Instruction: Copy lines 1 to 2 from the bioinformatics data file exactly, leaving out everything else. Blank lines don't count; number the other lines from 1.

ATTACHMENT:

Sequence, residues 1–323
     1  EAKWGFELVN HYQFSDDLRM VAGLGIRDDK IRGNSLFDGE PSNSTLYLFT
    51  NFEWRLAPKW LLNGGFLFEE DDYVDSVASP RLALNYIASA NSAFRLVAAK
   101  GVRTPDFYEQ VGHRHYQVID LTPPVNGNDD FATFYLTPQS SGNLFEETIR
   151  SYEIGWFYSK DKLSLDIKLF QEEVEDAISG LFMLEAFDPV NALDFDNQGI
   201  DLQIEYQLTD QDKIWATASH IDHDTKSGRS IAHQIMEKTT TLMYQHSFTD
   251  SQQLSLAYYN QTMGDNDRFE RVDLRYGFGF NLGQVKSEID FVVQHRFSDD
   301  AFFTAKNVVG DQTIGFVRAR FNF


Sequence, residues 1–323
     1  EAKWGFELVN HYQFSDDLRM VAGLGIRDDK IRGNSLFDGE PSNSTLYLFT